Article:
Walker speaks on education reform at Milwaukee conference

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Gov. Scott Walker (shown here at a Martin Luther King Jr. Day celebration) made an appearance in Milwaukee Thursday to speak at the State Education Conference. Photo by Scott Bauer/Associated Press.

Thursday, Governor Scott Walker made his first major appearance – only blocks from campus – since the recall effort against him collected and delivered one million petition signatures.

Walker glazed over any mention of a possible recall election, but instead delivered an address on upcoming legislature for education reform at the State Education Conference at the Frontier Airlines Center.

Two years ago, Walker spoke at this same convention as a candidate for governor. All three candidates were invited to speak, but only Walker attended.

“I’m not going to talk much more about the past, what’s happened in the past year other than to say, that’s what I laid out two years ago at this forum as a candidate for governor, that’s what I’ve done in the past year as your governor, and that’s what I hope to continue to do as your governor,” Walker said.

Walker outlined reform legislation based on reading achievement, a new indicator of educator effectiveness and school accountability. He said the legislation focuses on recommendations made by three bipartisan task forces.

Walker said he has done what he said he would do as a candidate for governor: putting local power back into the hands of local officials, including schools.

In an effort to improve reading levels, Walker said the legislation will implement a state-funded mandatory screening test for all students entering kindergarten so that teachers will know their reading level before they ever enter the classroom.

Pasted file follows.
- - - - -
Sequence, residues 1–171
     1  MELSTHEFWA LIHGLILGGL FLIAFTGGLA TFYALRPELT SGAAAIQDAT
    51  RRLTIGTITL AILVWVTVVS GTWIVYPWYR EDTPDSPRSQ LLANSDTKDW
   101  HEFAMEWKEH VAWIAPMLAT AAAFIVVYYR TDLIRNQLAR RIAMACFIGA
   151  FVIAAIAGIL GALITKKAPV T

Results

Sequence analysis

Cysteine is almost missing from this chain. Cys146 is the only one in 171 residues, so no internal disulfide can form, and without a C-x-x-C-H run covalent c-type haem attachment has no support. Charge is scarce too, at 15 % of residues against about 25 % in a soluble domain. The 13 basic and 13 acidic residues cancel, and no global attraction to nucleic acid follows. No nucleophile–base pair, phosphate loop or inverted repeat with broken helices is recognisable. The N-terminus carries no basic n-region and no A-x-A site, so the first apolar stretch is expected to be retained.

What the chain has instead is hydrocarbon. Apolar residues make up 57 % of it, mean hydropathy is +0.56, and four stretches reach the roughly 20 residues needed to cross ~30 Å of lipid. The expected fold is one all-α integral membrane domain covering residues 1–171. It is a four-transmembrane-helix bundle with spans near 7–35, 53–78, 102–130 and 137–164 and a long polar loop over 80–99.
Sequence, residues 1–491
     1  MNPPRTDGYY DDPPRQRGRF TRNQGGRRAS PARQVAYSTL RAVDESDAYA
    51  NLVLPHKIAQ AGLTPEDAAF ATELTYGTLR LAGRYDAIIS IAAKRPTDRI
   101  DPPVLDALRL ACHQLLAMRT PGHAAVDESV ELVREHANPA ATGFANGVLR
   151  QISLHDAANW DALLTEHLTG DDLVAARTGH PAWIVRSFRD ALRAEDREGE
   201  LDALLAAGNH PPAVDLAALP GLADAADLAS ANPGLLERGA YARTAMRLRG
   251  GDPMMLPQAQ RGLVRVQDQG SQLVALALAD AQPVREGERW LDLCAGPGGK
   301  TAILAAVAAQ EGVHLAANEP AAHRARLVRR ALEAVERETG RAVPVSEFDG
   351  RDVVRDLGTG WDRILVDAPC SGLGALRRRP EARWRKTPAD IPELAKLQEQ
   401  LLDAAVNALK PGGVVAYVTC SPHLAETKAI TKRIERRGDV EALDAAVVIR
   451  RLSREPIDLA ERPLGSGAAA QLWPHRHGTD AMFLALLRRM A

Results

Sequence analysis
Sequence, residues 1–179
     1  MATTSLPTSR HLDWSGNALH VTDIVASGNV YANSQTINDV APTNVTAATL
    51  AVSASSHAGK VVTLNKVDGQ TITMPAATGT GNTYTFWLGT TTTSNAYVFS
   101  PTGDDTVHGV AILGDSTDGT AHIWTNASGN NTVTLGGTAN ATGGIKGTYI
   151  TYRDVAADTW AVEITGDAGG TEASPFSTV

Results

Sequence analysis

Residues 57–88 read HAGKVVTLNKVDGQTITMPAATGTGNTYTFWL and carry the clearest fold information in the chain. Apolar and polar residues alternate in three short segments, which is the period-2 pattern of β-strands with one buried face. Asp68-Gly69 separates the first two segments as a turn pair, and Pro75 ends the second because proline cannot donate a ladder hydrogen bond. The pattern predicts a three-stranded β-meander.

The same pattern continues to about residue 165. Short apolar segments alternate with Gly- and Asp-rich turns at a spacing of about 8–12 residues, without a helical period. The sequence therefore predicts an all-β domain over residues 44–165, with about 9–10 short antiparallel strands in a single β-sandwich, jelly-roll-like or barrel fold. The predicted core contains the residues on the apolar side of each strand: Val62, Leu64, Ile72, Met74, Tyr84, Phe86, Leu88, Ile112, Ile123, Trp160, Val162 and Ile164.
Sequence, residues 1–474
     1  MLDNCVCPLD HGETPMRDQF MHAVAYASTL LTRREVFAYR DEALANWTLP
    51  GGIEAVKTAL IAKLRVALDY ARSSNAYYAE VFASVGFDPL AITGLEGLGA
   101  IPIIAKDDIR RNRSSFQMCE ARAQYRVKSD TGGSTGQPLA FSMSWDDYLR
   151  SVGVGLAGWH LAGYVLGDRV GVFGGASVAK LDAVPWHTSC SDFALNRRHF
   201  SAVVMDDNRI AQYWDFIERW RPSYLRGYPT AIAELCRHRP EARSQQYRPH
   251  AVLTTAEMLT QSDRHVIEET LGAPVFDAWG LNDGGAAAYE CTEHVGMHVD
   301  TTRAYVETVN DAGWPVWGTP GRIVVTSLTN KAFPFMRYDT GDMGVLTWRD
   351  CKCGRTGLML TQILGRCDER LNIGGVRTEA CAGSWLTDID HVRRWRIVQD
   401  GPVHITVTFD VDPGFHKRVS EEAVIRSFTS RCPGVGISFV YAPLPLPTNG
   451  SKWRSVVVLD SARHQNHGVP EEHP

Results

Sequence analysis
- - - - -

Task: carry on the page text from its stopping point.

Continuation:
Walker also said in order to evaluate educator effectiveness fairly, the new system will not focus on student test scores alone.

As an alternate to the No Child Left Behind Act, Walker said school accountability will be rated on multiple measures and be transparent and easily accessible.

“People crave information about their kids, about their education, about their schools,” Walker said.

The audience of more than 1,000 at the conference received Walker with a warm welcome and standing ovation, but not everyone was satisfied with the speech.

“I’ll give Scott Walker an ‘A’ for dishonesty,” said Graeme Zielinski, Wisconsin’s Democratic Party communications director. “He hasn’t collaborated with (state superintendent) Tony Evers. He hasn’t collaborated with the school boards of Wisconsin.  He’s told them what to do.”

Evers attended the conference, but did not appear on stage with Walker. He said he has been involved in the work of collaborative groups to improve education in Wisconsin.

In a news release following Walker’s speech, Evers said he would support legislation reflective of the work done in these groups, but he has not been a part of the legislation drafting.

“Clearly, it is essential to see the details of this proposed legislation and ensure they match the intent and spirit of all the work that so many groups and individuals put into improving schools and academic achievement for all students in Wisconsin,” Evers said in the release.

Zielinski said many of the issues surrounding the recall effort affect Marquette students as young voters. Topics such as voter IDs, transit cuts and future job opportunities garner interest from young adults.

Zielinski said it is clear Walker did not appreciate his Jesuit education at Marquette.

“He valued his Marquette education so much that he left,” Zielinski said.

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